Dallas have been complaining about the strange color of their tap water. Although the water quality meets state and federal standards, the aging pipeline infrastructure gives the water a yellowish tint, most often after rainstorms.
The problem has been noticeable for years but instances of water discoloration have been reported more frequently over the last 18 months. Most pipes of the city water system are made of cast iron and their aging is causing the problem, but Dallas Water Utilities has plans to deal with it and will start replacing old pipes, beginning this year and continuing over the next few years, according to the Dallas Morning News.
Richard Wagner, an official at Dallas Water Utilities, explained that the utility was planning to make infrastructure improvements for the long term. The organization has estimated that pipelines can last for about 50 years but some of the mains used in the city have been there for 60 or even 70 years. This year, Dallas Water Utilities will spend between $100 million and $120 million on replacement of water and wastewater mains, Wagner said. But the utility is also calling on residents to support the upgrade by installing new toilets that could save water and cut costs.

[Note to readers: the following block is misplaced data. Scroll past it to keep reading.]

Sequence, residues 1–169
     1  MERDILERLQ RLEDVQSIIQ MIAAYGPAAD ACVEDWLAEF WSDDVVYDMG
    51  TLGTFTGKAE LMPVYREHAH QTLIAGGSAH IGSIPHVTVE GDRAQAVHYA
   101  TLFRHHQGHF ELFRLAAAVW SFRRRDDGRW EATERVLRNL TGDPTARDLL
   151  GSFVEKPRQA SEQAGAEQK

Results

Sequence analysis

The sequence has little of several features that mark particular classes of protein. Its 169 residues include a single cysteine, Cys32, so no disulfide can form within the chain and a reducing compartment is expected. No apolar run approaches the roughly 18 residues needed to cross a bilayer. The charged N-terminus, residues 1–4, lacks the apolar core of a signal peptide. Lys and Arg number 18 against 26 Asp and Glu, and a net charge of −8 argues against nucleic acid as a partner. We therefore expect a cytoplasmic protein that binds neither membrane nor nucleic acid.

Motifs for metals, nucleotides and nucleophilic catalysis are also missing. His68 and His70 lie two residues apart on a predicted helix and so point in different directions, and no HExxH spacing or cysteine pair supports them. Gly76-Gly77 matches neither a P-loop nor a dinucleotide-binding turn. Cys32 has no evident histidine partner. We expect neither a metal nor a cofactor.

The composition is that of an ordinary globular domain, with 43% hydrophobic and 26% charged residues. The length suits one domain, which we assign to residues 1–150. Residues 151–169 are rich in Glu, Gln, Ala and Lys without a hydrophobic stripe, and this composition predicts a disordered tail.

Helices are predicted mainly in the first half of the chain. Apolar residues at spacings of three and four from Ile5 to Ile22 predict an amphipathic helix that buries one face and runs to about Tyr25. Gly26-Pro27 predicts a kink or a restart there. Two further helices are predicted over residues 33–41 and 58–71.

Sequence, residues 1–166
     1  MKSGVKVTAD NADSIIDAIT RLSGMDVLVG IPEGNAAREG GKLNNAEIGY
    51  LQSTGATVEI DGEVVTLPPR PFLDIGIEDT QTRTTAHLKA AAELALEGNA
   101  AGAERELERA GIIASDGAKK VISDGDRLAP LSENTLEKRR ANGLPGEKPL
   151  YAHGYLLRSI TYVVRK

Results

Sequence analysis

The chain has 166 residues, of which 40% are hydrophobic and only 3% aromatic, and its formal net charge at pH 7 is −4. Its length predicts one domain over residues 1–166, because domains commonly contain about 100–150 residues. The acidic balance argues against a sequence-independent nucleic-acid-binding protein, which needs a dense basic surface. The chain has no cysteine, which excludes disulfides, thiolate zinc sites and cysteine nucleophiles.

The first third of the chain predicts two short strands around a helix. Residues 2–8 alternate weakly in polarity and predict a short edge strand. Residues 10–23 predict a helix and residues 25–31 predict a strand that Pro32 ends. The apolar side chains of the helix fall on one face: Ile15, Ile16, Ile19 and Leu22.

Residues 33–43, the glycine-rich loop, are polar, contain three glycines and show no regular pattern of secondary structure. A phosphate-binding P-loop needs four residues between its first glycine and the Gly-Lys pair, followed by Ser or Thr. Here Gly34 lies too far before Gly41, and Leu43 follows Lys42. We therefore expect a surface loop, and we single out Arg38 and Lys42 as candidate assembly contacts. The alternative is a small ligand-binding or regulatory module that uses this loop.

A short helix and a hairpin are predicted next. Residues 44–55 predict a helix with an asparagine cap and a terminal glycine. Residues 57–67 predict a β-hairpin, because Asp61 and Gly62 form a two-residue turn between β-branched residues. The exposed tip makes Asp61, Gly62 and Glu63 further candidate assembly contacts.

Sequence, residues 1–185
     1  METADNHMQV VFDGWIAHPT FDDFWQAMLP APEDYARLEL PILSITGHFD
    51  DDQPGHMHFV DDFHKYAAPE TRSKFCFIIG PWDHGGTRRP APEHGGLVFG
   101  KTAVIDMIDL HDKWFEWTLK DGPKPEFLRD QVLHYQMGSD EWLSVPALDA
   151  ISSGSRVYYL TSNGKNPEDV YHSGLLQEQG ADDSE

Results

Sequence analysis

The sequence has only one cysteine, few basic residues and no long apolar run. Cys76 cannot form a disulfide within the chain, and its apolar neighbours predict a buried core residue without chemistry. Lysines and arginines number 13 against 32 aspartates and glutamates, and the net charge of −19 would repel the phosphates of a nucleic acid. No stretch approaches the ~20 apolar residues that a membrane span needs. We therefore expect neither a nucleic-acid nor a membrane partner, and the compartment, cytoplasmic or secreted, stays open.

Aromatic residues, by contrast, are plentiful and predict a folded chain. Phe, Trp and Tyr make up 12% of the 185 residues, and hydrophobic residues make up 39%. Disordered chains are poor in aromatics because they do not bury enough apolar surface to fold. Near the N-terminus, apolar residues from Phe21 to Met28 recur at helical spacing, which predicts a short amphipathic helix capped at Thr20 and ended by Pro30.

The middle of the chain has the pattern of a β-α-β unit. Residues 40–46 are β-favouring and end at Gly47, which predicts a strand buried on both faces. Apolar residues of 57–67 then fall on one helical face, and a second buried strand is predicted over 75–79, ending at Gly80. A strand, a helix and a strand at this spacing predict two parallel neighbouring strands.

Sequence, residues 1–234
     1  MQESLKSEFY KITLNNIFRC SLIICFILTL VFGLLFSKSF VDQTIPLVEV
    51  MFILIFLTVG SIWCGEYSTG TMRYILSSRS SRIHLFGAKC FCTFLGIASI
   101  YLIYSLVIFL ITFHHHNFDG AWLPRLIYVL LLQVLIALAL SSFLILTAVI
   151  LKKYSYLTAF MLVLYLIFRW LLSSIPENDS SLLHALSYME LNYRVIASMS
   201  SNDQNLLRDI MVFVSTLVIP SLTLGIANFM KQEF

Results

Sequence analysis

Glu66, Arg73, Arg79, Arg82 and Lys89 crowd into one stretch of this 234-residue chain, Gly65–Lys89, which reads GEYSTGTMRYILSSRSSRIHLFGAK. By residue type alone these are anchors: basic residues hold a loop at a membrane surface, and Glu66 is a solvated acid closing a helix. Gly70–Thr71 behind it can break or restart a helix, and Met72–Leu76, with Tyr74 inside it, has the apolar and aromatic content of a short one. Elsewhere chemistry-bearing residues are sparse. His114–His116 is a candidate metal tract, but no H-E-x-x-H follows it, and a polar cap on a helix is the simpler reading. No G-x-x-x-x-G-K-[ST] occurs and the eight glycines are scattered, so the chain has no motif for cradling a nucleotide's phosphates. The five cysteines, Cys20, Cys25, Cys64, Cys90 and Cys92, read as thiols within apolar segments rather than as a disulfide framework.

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An infrastructure report card published by the American Society of Civil Engineers estimates that Texas will have to invest $26 billion in drinking water infrastructure improvement over the next 20 years to meet its needs.